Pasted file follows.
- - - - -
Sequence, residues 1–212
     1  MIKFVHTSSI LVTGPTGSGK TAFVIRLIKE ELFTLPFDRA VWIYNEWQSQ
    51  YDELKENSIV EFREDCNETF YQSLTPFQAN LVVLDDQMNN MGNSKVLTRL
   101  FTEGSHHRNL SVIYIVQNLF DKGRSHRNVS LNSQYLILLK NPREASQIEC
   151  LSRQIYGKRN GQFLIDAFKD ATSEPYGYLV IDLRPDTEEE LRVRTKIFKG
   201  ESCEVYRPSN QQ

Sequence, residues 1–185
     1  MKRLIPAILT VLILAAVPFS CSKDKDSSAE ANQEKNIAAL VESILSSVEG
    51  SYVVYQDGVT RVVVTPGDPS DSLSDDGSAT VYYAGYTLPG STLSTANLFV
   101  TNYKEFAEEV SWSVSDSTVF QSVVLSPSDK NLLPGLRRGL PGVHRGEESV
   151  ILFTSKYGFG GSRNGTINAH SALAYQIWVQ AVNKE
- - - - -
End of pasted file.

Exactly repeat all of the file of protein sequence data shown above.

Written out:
Sequence, residues 1–212
     1  MIKFVHTSSI LVTGPTGSGK TAFVIRLIKE ELFTLPFDRA VWIYNEWQSQ
    51  YDELKENSIV EFREDCNETF YQSLTPFQAN LVVLDDQMNN MGNSKVLTRL
   101  FTEGSHHRNL SVIYIVQNLF DKGRSHRNVS LNSQYLILLK NPREASQIEC
   151  LSRQIYGKRN GQFLIDAFKD ATSEPYGYLV IDLRPDTEEE LRVRTKIFKG
   201  ESCEVYRPSN QQ

Sequence, residues 1–185
     1  MKRLIPAILT VLILAAVPFS CSKDKDSSAE ANQEKNIAAL VESILSSVEG
    51  SYVVYQDGVT RVVVTPGDPS DSLSDDGSAT VYYAGYTLPG STLSTANLFV
   101  TNYKEFAEEV SWSVSDSTVF QSVVLSPSDK NLLPGLRRGL PGVHRGEESV
   151  ILFTSKYGFG GSRNGTINAH SALAYQIWVQ AVNKE